essays by shé

Essay #32: masks

Last October, I drove to Arcata, where my brother was living, to rendezvous with my father. I hadn’t seen him in 11 years.

While I was gone, someone burgled my loft. They dumped out a duffel bag and filled it with art supplies, jewelry findings, and a wooden sewing box containing a rose-gold bracelet my grandmother gave me.

Last week, almost a year later, I realized they had also taken my masks: two outrageously feathered and sequined mardi gras masks from my mother – one blue, one red; another, made by a fiber artist friend, with intricate paper flowers; and a black, beaded store-bought mask with opalescent feathers dripping down.

To recap? I went to see my father and lost all my masks.
It’s hard to get more metaphorical than this.

“Tell the truth, tell the truth, tell the truth,” says Elizabeth Gilbert’s friend, quoted in the book Eat Pray Love.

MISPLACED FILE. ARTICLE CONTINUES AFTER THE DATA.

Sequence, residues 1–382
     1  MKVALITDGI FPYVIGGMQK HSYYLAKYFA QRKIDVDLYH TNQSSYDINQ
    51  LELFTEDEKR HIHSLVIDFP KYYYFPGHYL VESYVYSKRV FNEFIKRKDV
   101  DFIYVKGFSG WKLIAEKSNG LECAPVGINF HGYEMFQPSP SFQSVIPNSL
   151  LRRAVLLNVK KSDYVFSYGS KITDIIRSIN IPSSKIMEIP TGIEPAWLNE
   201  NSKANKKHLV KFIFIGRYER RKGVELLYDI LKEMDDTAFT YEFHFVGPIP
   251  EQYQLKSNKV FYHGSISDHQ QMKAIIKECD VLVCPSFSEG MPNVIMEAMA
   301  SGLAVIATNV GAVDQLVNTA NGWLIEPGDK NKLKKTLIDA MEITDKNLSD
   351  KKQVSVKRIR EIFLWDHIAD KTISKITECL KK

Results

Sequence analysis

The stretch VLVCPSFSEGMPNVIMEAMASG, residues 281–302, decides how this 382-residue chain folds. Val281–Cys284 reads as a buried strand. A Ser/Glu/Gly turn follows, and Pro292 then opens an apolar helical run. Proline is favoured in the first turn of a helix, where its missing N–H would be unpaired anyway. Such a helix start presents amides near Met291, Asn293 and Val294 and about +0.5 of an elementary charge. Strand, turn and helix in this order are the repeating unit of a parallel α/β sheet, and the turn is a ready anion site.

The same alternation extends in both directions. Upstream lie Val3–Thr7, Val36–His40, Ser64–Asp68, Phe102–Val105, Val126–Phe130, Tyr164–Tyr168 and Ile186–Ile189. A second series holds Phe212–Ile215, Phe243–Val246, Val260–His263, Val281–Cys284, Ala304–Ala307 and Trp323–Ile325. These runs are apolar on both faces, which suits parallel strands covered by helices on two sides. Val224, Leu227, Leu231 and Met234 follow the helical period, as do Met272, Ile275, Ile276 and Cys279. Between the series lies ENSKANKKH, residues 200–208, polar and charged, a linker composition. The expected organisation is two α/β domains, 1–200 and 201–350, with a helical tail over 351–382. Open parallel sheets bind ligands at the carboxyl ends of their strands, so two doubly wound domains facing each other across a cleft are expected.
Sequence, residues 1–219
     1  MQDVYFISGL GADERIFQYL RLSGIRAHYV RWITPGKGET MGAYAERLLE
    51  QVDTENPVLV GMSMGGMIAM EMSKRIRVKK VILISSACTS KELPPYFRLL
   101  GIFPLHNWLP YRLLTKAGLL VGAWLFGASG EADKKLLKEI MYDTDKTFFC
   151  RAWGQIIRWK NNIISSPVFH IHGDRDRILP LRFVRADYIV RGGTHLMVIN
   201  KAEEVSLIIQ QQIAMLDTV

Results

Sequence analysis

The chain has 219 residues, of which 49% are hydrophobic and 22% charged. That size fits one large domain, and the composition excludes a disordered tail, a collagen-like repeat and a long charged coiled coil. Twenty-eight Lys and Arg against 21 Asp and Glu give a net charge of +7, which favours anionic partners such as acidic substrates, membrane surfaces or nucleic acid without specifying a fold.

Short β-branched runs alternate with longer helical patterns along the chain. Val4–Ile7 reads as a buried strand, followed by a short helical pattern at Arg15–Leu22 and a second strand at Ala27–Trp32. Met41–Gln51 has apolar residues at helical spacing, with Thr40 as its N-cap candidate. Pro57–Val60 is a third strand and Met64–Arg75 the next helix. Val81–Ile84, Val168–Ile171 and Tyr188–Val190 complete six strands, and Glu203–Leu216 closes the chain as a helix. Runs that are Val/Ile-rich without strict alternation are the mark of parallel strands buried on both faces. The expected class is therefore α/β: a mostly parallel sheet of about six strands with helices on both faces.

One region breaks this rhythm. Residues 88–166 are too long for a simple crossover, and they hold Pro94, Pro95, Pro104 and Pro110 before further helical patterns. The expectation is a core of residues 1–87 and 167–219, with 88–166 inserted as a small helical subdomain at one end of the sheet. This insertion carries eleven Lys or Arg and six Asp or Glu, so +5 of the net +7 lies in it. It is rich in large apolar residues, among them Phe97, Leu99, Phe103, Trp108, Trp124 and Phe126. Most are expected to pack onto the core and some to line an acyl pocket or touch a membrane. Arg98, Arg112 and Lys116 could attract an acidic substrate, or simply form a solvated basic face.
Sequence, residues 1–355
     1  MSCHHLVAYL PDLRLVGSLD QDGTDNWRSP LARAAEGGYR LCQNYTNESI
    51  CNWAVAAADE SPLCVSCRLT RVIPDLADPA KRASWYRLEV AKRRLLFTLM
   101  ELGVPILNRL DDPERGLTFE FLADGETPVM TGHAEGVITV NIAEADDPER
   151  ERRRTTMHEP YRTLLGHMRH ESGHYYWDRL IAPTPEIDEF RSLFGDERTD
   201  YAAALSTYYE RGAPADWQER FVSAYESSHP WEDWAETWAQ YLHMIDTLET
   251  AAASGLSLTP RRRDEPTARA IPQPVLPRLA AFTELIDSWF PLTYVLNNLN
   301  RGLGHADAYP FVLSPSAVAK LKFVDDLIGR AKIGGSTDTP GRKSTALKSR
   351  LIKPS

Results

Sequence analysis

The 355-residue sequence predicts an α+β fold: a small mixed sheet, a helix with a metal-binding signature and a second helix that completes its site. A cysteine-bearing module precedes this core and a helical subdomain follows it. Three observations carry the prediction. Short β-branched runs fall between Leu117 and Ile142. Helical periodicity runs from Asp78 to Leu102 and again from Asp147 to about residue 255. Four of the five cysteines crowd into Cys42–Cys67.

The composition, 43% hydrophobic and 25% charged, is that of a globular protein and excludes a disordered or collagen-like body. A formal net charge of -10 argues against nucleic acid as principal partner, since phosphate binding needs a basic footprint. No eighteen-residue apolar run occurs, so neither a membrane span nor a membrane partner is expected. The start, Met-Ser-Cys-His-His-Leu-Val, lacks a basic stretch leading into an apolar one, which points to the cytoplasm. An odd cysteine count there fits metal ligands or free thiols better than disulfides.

After Emmett died, I found it easier to tell the truth. I had nothing to lose.
Don’t get me wrong, I still get anxious, depending on the topic and the person I’m talking to, but I just got so damn tired of holding up a mask.

I dropped the ill-fitting perfect-daughter mask, the perfect-worker mask, the everything’s-fine mask, and the mask with no mouth that doesn’t allow me to say No.

Without one, I can breathe easier and see better.
And – holy cow! – people can see me, which hasn’t been as bad as I anticipated. Has actually been healing.

What a relief that someone came and took them away. And to find out I don’t need them after all.




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